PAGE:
Because I don’t know if there are any men in the same situation, but I’m related to someone who works in the women’s prisons.
    However, I do know Alan Bond did around twelve months minimum security for illegally obtaining close to a billion dollars.

  34. Bond was a “ banking bigwig “ now ?

    Ok, now I remember why I can hold a constant line of conversation with ya.

    Bye again.

  35. Bond was a “ banking bigwig “ now ?

    No. And I didn’t say or imply he was.
    My reference to the banking bigwigs is about their possible future incarceration. Since Bond is dead his future cannot include imprisonment.
    BTW have you made any progress on letting us know which particular government regulations forbid people utilising donkeys for transport?

  36. It has occurred to me that I really have to spell it out for Jumpy or he’ll come up with another halfarsed attempt at a gotcha!
    To everybody else my apologies for being tedious; feel free to stop reading this comment now.

    Jumpy, you asked why I singled out women and I explained that I know about women but I don’t know about men in similar circumstances.
    Then, to support my hypothesis that poor women are probably treated more harshly than wealthy people I added the example of Alan Bond. He received a trifling punishment for a crime that netted him a huge sum of money, most of which to the best of my knowledge was never recovered. You can bet those incarcerated women reimburse Centrelink.
    And I still wonder how many banking bigwigs will see the inside of a cell for anything like a period commensurate with their crime.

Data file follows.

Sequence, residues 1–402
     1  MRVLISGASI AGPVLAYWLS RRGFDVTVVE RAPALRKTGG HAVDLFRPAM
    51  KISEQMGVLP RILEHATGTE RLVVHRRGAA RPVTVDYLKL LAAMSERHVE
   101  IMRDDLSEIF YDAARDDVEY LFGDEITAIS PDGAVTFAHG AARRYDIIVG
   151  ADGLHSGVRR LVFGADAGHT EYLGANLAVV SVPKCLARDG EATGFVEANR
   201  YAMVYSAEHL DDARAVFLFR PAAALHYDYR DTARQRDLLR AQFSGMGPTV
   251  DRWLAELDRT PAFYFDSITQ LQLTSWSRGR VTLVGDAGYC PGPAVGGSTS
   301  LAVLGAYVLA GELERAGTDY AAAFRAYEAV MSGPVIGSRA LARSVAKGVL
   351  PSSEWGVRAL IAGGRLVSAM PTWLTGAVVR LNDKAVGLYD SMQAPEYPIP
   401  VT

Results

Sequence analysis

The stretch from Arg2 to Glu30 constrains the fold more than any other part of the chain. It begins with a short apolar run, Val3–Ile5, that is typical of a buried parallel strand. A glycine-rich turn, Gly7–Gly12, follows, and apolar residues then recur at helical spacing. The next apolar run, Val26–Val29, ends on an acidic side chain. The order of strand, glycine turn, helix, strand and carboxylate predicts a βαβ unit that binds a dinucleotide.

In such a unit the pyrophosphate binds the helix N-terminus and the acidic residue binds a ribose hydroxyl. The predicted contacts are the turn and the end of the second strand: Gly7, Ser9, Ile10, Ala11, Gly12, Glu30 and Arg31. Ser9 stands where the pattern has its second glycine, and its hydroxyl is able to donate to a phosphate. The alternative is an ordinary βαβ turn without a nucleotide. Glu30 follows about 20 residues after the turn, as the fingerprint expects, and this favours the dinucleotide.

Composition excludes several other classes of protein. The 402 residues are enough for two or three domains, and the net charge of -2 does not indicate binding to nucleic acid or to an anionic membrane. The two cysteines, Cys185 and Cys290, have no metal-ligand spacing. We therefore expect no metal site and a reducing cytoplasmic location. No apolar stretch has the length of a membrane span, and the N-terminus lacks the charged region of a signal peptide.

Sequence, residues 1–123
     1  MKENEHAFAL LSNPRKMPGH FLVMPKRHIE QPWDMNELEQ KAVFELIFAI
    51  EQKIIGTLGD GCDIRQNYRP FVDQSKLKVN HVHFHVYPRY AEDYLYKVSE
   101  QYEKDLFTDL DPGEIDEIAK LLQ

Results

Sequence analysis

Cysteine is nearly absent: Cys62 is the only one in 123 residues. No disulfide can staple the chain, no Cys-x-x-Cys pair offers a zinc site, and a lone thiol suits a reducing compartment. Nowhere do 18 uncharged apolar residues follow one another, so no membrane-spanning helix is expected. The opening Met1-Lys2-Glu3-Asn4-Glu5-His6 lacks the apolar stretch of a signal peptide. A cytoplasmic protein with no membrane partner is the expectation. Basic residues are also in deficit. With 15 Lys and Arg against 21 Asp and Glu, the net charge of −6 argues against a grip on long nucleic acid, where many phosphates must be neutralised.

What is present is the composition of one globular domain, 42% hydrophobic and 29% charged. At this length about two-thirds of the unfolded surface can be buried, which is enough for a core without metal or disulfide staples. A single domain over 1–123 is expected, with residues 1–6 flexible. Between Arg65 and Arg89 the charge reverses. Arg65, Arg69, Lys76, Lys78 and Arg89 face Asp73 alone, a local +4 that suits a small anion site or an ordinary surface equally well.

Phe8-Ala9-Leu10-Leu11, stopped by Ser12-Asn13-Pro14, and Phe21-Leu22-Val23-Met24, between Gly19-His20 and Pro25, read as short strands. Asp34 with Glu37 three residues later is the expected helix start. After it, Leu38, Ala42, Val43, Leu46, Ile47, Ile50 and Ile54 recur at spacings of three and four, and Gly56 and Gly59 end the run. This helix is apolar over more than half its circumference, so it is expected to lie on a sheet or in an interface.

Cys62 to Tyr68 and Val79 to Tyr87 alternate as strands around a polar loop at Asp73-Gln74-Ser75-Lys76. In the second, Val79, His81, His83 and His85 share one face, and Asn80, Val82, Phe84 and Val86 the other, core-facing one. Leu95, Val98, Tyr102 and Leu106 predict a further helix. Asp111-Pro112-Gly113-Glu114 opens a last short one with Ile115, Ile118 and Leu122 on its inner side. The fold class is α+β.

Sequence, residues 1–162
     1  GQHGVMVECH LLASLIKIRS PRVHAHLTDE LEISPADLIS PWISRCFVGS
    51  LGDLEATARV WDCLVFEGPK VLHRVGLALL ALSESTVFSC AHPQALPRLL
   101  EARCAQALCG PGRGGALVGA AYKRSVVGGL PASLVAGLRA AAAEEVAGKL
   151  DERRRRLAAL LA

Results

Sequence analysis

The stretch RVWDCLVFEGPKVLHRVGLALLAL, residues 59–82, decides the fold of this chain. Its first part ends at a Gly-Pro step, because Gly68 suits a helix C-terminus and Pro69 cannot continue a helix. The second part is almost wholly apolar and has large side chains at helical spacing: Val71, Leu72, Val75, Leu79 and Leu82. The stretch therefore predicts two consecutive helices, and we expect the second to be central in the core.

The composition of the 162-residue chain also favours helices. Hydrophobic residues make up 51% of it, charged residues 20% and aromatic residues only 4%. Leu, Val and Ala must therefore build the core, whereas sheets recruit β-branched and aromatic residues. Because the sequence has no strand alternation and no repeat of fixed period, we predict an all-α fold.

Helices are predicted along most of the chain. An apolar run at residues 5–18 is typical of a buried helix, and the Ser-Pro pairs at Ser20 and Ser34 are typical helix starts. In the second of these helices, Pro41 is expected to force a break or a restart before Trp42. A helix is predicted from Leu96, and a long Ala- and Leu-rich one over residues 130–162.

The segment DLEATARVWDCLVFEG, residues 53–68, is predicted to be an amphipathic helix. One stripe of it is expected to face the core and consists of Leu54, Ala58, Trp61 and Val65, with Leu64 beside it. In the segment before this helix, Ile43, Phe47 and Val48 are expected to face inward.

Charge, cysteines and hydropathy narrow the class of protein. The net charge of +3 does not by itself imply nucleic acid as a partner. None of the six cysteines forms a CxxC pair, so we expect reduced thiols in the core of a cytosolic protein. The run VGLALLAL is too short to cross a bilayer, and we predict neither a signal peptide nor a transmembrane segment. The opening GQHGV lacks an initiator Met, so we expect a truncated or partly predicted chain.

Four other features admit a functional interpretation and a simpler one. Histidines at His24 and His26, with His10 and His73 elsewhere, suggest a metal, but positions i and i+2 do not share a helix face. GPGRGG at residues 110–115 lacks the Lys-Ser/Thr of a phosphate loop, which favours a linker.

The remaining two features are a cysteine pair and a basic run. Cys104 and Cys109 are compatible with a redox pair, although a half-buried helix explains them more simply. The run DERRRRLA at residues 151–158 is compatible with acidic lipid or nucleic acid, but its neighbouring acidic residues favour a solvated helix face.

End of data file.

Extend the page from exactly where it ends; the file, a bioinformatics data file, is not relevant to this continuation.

37. So 35.5% of Australians over 65 are living in poverty; gee, I don’t feel so lonely now.. Let me guess: over 50% of those older people are living in poverty through no fault of their own, unless believing government officials or trusting our fabulously equitable laws are considered a ‘fault’.

    zoot and Jumpy: You have both missed the point that Financial Felons are rarely ever charged with anything – and, more often than not, rewarded and awarded for their crimes, (that’s one of the reasons I gave up reading through New Year and Queen’s Birthday DIShonour Lists). If a corporate criminal or banking robber is unlucky enough to be dragged into court at all and actually convicted, you can bet your sweet Nellie that he will be given a short sentence in comfort, well-protected from all those vicious crims in the prison population who just might do nasty things to him – though what happens to ordinary folk imprisoned for things like diddling Centrelink is of no concern whatsoever.

    One unintended implication of the Banking Royal Commission is that everyone now has an open licence to commit whatever felonies they like. See you later, I’m racing off to dodge a few head of cattle, lift a truckload of fertilizer and knock off someone else’s tractor before the rush starts.

  38. Graham,

    I just heard some chappie on ABC RN suggest that some cash held by the banks could be confiscated under “proceeds of crime” laws.

    Outrageous!!

    All the money held by banks is “proceeds of time-honoured and widely respected banking practices”, see margins, fees, interest rates, inter-bank arrangements, loan portfolio, non-performing loans, overseas borrowing, Great Financial Caper, Automatic Tellers, online banking, incentives, trailing commissions, expansion of servicing to cemeteries, fees, fixed charges, flexibility, regulatory bodies, Parliamentary oversight; oh it must have been a tiny oversight, the others were worse; Four Pillars of Wisdom, competition, cartel, mortgagee auctions, extortion, fraud, theft, bank robbers, robbers from banks, fees, nice little earner, shareholder value,